Photo Credit: Hanna-Katrina-Jedrosz
“I place this importance on the name of records,” says Johnny Flynn. “It becomes this talismanic focus for the record. And this one rang out like a bell.”
The choice of Sillion as a title for his fourth album was one Flynn reached through a convergence of unlikely forces — of friendship, politics, poetry but it’s a word too that captures much of the album’s colour and mood — its measure of the times.
It’s an old word, describing the gleaming furrow of earth turned over when the plough cuts through the soil, and most notably used by Gerard Manley Hopkins in his 1877 poem The Windhover: “Sheer plod makes plough down sillion shine”. Flynn liked the sound of it, the way it seemed “like something sci-fi, but it’s actually a product of the oldest point of human contact with the earth.” He was also a long-standing Hopkins fan: “I loved him ever since I was given the Windhover by a teacher at school,” he says. “His poetry is exquisitely nuanced and sensual.”
The word rose up to meet him some time last autumn, post-Brexit, just as America was in the throes of election fever, and the world seemed suddenly upturned. “I had this really visceral, physical sense of needing to go to ground,” Flynn recalls, “and to accept some of the baseness of human nature in some of the political revolutions around the world, and glean some hope from that as well.” Around the same time he was reading John Lewis-Stempel’s book The Running Hare about farming a field using old techniques. “And I had a strong sense that the album title had to be earthy and muddy,” Flynn says. He discussed these thoughts with his close friend, the writer Robert Macfarlane, famed in particular for his work on nature and language. “And Rob said ‘What about ‘Sillion’?’ And it struck me as this crystalline gift of a word.”
The record itself had begun long before, growing episodically between Flynn’s commitments to acting, composing, and his young family. “A lot of other elements of my life are impacted by deadlines, rehearsal schedules, opening nights and shooting dates,” he says. “But the way songwriting works with me, I like that slow digestion of things, to feel like there’s a multi-dimensional element to music over time, that it has lots of influences, and waiting to hear how I feel about it, and when I feel it’s ready.”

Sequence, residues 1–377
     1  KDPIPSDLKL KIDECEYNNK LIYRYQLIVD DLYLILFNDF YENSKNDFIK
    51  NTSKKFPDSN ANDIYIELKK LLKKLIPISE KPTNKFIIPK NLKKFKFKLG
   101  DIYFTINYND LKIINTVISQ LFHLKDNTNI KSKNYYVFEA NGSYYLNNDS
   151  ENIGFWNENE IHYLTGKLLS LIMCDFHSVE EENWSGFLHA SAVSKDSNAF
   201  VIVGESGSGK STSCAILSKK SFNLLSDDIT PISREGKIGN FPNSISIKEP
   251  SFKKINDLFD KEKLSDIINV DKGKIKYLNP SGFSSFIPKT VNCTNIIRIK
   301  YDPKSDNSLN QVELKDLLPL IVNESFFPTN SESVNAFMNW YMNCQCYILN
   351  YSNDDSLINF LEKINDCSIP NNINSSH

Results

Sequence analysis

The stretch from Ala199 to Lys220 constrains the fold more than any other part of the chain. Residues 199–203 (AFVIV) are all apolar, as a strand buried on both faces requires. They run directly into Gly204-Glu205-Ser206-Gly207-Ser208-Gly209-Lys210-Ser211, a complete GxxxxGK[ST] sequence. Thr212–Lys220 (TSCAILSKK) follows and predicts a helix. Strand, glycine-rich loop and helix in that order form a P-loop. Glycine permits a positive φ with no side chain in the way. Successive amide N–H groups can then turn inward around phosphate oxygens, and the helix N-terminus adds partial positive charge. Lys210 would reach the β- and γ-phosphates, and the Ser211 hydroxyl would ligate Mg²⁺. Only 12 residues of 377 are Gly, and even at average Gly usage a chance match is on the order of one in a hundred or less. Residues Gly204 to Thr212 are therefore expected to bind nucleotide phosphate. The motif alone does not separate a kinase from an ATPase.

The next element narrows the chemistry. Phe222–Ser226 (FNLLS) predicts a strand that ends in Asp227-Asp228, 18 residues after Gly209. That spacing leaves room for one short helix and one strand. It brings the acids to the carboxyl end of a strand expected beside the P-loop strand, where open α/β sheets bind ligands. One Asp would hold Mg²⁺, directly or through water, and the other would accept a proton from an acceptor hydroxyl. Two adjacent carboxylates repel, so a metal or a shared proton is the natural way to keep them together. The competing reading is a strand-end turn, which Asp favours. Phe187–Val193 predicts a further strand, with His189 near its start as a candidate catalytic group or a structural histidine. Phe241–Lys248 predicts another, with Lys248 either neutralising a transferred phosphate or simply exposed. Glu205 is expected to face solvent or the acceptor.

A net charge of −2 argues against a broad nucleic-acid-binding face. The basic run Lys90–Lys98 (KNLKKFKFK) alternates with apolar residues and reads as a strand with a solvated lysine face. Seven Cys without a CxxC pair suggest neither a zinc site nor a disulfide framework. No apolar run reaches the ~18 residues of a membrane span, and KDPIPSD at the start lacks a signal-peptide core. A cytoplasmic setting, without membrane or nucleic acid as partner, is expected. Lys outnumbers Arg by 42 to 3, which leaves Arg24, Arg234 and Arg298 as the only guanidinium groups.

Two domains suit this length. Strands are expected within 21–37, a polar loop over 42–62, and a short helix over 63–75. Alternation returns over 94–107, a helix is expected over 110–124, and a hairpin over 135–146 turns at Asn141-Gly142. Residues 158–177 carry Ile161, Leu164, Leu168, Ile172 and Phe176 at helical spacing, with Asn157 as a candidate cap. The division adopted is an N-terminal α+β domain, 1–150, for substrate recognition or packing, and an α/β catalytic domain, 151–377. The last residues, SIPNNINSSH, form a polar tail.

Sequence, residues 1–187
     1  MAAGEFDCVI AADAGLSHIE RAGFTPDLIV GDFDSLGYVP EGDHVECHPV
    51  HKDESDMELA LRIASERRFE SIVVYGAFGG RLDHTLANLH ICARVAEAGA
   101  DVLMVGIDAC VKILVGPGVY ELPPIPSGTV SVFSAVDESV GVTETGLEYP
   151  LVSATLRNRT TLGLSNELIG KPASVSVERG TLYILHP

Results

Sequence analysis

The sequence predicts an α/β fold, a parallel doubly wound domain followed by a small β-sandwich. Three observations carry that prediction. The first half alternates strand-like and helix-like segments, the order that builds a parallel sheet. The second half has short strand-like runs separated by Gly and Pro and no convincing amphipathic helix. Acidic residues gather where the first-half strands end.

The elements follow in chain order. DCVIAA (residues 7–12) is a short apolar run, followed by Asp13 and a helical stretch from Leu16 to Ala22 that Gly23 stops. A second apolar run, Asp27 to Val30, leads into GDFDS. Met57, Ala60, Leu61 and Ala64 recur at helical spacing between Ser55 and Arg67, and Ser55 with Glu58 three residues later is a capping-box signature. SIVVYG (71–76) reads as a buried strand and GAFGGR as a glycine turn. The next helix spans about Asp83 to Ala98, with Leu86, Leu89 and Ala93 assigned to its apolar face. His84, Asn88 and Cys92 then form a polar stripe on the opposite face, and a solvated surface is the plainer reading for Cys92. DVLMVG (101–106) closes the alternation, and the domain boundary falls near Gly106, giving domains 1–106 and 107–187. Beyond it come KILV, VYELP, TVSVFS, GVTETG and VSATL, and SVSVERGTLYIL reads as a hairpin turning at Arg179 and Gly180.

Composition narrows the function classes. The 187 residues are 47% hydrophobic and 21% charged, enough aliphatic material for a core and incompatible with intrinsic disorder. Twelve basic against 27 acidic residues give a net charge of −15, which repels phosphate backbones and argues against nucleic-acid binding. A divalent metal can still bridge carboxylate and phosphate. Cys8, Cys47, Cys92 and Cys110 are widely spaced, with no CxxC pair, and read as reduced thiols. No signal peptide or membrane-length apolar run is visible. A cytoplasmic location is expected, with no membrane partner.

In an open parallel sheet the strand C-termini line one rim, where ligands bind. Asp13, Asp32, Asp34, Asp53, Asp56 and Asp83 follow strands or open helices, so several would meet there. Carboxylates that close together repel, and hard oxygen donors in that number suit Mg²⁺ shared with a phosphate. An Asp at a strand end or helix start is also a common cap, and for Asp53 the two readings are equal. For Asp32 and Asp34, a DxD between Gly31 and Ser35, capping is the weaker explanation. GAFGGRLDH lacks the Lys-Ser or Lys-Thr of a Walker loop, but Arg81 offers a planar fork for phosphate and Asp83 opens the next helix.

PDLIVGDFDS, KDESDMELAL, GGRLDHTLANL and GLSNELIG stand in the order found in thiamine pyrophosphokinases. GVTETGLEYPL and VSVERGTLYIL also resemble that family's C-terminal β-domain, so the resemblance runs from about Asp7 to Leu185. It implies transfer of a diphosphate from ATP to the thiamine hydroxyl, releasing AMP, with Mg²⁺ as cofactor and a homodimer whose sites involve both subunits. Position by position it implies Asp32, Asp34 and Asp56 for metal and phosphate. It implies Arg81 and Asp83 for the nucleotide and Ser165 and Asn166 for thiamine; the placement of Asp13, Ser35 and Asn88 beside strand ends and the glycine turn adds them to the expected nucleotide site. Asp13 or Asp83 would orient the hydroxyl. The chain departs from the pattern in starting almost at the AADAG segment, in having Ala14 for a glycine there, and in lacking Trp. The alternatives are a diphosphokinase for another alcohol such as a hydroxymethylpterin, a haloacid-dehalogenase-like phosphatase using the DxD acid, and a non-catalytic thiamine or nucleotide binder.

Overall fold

Songwriting has changed for Flynn in recent years. “Before children it was always about being in a state of adventure, but now I’m always heading home,” he says. “Before, it was all I wanted to do and I was always provoking situations to have experiences to write about — I used to be carrying notebooks all the time and digesting things. But now rehearsal spaces are good places for that: plays, living in different stories, dealing with other writers’ language, that’s really provocative for me and really fruitful.”
Much of the recording of Sillion was done while Flynn was starring in Martin McDonagh’s play Hangmen. “I was playing a psychopath,” he explains, “so there’s probably some of that darkness in the lyrics, and a celebration that you can explore the baseness of human nature.”
This darkness rises up particularly on the track In the Deepest, which grew out of a film score commission and which Flynn describes as being about “a sense of foreboding … it has such a sense of maleficent drama to it.”
A similar sensation rears up again on Barleycorn, Flynn’s take on the traditional English folk song of a similar name, that feels suddenly contemporary here, in a time of base revolt. “It’s about the ritualistic killing of Sir John Barleycorn and predates the Christian story of the slaying of Christ,” he explains. That sense of mob rule is enhanced by the recording’s use of Alfred Lord Tennyson reading the Charge of the Light Brigade to capture, Flynn says, “the rumble and drama of the people coming over the hill.”
One of the album’s earliest songs is Jefferson’s Torch, when Flynn found himself “trying to write something political.” This was long before Brexit, long before Trump. “But I was reading about lighting the torch for all mankind and about revolution happening every two generations,” he recalls.
It also serves as a belated riposte to Billy Bragg, with whom Flynn found himself in a head-to-head debate a couple of years ago. “He said ‘Where’s the soundtrack to the revolution?’ and I found it hard to articulate a response; I wanted to contradict him and say it’s not on the surface, it’s a fundamental shift in heart politics. That in being something and embodying it I don’t think you need always to engage with politics on a literal level and I think that’s part of what’s gone wrong — you don’t always know what’s real in party politics, it’s semantic, but you do know what’s real when you look inside. But I couldn’t quite find the words to give that answer then.”